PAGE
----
French workers can for the first time be
forbidden from drinking wine in the workplace by their employers after
an historic labour ministry ruling.
This age-old custom in French working life has until now
been mandated by law, with the now-defunct ‘Work Code’ stipulating that
employers could not ban beer, cider and wine from workplace canteens and
social drinks in offices.
Other beverages – such as spirits – were able to be forbidden under the code, while drivers, medical staff and machine operators (among others) have always been banned from drinking at all if they are on duty.
But the French labour ministry ruling now threatens to cut all French employees from this long-held tradition, leaving it to employers to judge wether or not they want wine and other beverages consumed in the workplace.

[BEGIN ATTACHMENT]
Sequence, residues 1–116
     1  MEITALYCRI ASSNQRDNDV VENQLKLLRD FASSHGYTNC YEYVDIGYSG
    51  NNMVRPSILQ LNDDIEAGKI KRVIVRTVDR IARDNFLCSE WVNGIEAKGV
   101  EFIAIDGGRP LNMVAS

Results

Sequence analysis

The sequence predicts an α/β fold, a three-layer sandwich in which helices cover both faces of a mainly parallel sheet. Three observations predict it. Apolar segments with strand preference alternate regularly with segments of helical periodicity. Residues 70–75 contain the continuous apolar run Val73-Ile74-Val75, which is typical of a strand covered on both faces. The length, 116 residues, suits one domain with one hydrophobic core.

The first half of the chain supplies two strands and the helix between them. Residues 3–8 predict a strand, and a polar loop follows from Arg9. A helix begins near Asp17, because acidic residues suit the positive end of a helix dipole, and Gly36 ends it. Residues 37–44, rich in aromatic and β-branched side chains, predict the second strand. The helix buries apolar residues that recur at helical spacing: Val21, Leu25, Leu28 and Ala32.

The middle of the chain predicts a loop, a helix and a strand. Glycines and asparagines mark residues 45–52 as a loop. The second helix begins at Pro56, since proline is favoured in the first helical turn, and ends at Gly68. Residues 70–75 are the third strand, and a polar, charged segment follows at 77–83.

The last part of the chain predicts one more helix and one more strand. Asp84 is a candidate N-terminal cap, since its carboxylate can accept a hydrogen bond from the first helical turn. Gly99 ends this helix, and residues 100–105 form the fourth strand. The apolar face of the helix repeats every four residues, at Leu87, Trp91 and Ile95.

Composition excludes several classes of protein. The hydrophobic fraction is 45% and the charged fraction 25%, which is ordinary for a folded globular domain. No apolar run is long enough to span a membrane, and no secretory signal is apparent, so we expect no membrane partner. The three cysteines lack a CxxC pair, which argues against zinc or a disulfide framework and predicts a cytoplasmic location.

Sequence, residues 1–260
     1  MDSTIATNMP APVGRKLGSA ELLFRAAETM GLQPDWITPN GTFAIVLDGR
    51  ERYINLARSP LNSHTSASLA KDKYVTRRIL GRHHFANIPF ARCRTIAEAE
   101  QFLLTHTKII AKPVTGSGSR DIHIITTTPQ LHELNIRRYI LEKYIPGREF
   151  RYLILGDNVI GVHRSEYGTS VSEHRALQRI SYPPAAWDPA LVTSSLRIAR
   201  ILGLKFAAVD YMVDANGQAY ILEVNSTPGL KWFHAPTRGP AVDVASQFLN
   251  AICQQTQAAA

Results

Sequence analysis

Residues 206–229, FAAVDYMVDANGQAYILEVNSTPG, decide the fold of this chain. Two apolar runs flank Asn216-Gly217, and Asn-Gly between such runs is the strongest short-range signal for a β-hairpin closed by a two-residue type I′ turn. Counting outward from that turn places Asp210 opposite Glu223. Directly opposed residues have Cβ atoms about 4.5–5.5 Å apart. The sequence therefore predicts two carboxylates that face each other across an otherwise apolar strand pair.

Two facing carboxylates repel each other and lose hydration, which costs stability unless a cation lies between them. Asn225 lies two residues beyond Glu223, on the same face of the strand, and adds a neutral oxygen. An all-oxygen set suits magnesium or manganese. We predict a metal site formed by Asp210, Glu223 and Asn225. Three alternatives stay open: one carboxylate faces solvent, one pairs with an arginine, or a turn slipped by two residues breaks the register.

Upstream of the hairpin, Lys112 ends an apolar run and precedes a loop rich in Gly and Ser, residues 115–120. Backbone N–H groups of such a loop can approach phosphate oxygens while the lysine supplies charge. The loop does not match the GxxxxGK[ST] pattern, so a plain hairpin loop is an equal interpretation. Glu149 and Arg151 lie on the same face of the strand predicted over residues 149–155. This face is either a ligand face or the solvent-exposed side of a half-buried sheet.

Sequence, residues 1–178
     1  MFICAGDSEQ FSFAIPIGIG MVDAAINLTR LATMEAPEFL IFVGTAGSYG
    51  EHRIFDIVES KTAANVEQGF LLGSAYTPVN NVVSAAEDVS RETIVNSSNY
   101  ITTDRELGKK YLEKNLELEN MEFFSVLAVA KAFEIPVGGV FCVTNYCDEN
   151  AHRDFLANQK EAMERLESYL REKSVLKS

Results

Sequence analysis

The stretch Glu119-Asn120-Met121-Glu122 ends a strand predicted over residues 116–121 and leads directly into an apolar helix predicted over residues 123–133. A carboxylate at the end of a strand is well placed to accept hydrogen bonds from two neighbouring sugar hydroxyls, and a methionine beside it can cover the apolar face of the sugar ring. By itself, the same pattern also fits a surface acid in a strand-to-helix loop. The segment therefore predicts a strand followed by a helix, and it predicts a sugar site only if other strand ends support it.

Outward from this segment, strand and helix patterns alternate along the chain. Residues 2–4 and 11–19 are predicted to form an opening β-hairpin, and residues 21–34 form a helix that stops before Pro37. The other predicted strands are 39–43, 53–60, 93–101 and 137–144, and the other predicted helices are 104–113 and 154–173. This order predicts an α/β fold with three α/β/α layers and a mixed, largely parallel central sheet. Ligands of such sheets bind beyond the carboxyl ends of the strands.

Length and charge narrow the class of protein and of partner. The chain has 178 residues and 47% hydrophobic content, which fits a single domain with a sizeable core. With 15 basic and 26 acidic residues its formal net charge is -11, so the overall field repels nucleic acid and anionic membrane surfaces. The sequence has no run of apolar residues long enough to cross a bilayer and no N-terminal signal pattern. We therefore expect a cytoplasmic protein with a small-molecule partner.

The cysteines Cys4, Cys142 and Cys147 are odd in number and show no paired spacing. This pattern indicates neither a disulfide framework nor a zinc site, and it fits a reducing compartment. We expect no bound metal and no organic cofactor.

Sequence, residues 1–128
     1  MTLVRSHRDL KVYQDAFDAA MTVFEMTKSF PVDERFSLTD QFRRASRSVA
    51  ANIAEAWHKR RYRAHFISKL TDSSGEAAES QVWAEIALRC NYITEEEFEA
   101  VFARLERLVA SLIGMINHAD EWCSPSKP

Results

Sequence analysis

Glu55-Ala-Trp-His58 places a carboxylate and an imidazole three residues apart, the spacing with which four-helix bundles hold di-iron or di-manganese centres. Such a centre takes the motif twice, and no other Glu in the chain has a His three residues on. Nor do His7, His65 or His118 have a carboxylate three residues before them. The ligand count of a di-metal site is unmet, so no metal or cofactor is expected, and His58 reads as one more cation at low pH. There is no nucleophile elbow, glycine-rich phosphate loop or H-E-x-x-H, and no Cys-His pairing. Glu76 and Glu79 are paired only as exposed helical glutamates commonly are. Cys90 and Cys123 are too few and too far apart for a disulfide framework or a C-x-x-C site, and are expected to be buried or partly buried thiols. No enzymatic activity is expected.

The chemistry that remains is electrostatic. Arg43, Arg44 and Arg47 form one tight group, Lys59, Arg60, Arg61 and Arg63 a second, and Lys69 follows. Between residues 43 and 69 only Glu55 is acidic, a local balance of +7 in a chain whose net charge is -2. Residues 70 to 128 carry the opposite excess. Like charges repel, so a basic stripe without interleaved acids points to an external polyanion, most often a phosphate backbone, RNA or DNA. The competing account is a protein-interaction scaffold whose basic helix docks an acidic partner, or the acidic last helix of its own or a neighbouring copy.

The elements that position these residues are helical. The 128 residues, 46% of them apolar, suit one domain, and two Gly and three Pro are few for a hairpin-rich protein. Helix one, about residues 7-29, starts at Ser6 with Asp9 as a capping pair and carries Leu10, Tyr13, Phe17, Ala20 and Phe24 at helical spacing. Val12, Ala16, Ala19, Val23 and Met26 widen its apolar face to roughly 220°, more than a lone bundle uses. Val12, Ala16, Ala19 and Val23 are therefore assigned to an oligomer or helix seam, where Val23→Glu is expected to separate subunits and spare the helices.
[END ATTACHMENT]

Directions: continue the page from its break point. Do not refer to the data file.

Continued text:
The ministry argue that alcohol can “threaten the security and the physical and mental wellbeing of workers,” reports France 24.
Alcohol abuse causes around 49,000 deaths in France annually, according to a study by the Institut Gustave-Roussy, one of the world’s leading cancer research institutes.
Drinking wine has long been a mainstay of French gastronomic culture, but consumption has declined in recent years as drinkers turn increasingly to beer.
In 2013 the United States outstripped France as the top global consumer of wine, with 29 million hectolitres being drunk — one million more than in France.